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2010-12-10 19:34:17

8 and 11
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  1. Explain the composition and role of the animal’s extra cellular matrix.
    • Structural support, much protein
    • Fibrous component of animal ECM is dominated by a cable-like protein
    • Matrix that surrounds collagen and the other fibrous components consists of gel-forming polysaccharides-most attached to protein core
    • Structure correlates to cells function
    • Direct linkage between cytoskeleton and ECM is critical. Keep cells in place and helps adjacent cells adhere to each other via their common connection to the ECM
  2. Explain how plant cells are attached and communicate with each other.
    • Connections called plasmodesmata – physical connection between two plant cells, consisting of gaps in the cell walls through which the two cells’ plasma membranes, cytoplasm, and smooth ER can connect directly.
    • Plasma membrane cytoplasm continuous, smooth ER runs through the holes
  3. What role do hormones play in multicellular communication?
    • Hormones deliver their message by binding to receptor molecules.
    • Presence of appropriate receptor dictates which cells will respond to a particular hormone
    • Trigger large response
    • Arrives at cell surface, message it transmits amplified as it changes form.
  4. What is signal transduction (explain to Grandma)?
    • Signal binds at the cell surface, converted from one form to another, to intracellular signal.
    • Plasma membrane, amplification inside,
  5. Explain how G proteins receptors and receptor tyrosine kinases accomplish signal transduction.
    • G proteins activated by a signal receptor, trigger key step in signal transduction (production of a messenger inside the cell). Link the receipt of an extracellular signal to the production of an intracellular signal.
    • Bind GTP and GDP
    • Hormone arrives and binds to receptor in the plasma membrane. Receptor is transmembrane protein, coupled to peripheral g protein on membranes inner surgace, receptor changes shape after hormone binding
    • Shape change is a witch that activates its g protein. Releases gdp molecule that kept it in an inactive state and binds GTP. GTP attached, G protein changes shape radically, splits into 2 parts.
    • One part of g protein activates nearby enzyme that is embedded in the plasma membrane. Enzyme catalyzes production of a second messenger( nonprotein signaling molecule that elicits a reponse to the first messenger)
  6. Enzyme-linked receptors
    • Instead of activating g protein, enzyme linked receptors transduce signal from hormone by directly catalyzing a reaction inside the cell.
    • Hormone binds to an RTK
    • Protein forms a dimmer. Receptor has a binding site for a phosphate group from ATP inside the cell. Once it is phosphorylated, RTK becomes an active enzyme
    • Proteins inseide the cell form a bridge between the activated RTK and a peripheral membrane protein called Ras, functions like a G protein. Formation of the RTK bridge activated Ras, echanges GDP for GTP
    • Ras activated, triggers the phosphorylation and activation of another proteiin.
    • Phosphylated protein then catalyzes the phosphorylation of other proteins, which phosphorylate yet another population of proteins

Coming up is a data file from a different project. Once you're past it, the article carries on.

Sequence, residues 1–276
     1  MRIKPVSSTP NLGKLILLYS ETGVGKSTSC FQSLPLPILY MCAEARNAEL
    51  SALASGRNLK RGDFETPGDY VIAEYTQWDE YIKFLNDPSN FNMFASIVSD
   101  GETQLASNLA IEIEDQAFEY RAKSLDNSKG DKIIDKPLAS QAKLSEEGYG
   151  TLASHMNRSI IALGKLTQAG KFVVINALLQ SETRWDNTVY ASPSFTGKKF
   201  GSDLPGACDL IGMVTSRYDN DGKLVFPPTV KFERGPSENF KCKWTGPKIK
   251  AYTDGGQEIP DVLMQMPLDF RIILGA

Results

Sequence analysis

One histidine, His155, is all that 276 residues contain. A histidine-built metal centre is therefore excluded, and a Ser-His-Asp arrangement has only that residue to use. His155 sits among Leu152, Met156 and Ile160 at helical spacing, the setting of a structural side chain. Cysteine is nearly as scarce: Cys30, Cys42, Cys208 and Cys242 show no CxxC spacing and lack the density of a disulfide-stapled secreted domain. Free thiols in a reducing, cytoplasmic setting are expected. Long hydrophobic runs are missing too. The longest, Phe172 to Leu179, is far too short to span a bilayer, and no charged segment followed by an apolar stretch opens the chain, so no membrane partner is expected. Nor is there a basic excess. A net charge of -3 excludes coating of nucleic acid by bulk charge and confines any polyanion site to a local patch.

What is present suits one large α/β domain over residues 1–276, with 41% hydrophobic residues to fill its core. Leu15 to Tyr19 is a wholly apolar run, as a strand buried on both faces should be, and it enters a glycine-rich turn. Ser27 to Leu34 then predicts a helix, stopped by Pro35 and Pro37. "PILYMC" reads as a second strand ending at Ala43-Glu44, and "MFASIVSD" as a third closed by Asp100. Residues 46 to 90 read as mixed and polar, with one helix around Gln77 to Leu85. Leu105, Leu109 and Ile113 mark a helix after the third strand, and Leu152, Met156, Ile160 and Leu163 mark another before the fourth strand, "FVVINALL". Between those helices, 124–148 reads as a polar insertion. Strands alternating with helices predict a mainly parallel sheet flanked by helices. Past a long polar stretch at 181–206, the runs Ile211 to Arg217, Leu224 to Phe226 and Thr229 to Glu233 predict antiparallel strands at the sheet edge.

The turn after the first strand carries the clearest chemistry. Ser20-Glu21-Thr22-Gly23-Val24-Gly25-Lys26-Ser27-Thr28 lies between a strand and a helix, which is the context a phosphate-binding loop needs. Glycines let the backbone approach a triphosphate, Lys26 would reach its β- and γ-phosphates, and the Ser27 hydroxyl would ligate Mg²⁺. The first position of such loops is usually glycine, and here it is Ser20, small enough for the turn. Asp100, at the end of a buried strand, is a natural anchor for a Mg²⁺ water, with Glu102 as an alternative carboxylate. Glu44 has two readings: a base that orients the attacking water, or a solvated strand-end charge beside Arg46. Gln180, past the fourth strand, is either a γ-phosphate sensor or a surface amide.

7. Explain the four phases of the eukaryotic cell cycle.
    M phase, interphase consisting of the G1, S, and G2 phases
  8. G1 phase –
    phase of cell cycle that constitutes first part of interphase before DNA synthesis (s)
  9. S phase –
    synthesis phase, DNA synthesized and chromsomes are replicated
  10. G2 phase –
    phase of cell cycle between synthesis of DNA (s phase) and mitosis (M phase), last part of interphase
  11. M phase –
    mitosis (IPPMAT)
  12. Prophase –
    chromosomes condense into compact structures, spindle apparatus begins to form
  13. Prometaphase –
    nuclear envelope breaks down. Kinetochore microtubules contact chromosomes at kinetochore
  14. Metaphase –
    chromosomes complete migration to middle of cell
  15. Anaphase –
    sister chromatids separate. Chromosomes pulled to opposite poles of the cell
  16. Telophase –
    nuclear envelope re-forms, and spindle apparatus disintegrates
  17. Explain the difference between mitosis and cytokinesis.
    • before m phase, mitochondria, lysosomes, chloroplasts, and other organelles have replicated, rest of cell contents grown.
    • During cytokinesis, cytoplasm divides to form two daughter cells, each with its own nucleus and complete set of organelles. Mitosis is followed by cytokinesis.
    • Plasma membrane begins pinching in, becomes two daughter cells to form
  18. Describe the various ways the cell cycle is controlled.
    Three checkpoints
  19. G1 checkpoint
    depends on sufficient nutrients, cell size, lack of DNA damage, and/or social signals
  20. G2 checkpoint
    delays progress until chromosome replication is complete and any damaged DNA that is present is repaired
  21. M phase checkpoint
    • delays anaphase until all chromosomes are correctly attached to the spindle apparatus
    • Cyclins and cyclin-dependent kinases (cdks)
    • help regulate the cell cycle. Cyclinconcentrations oscillate during the cell cycle, regulating the activity of Cdks. Active Cdks phosphorylate proteins required for the nect cell cycle phase
  22. Explain the consequences of uncontrolled cell division.
    • Uncontrolled cell division may lead to cancer
    • Cancer is characterized by (1) loss of control at the G1 checkpoint, resulting in cells that divide in an uncontrolled fashion, and (2) metastasis, or the ability of tumor cells to spread throughout the body
    • G1 checkpoint depends in part on Rb, which prevents progression to S phase, and G1 cyclin-cdk complexes that trigger progression to s phase. Defects in Rb and G1 cyclin are common in human cancer cells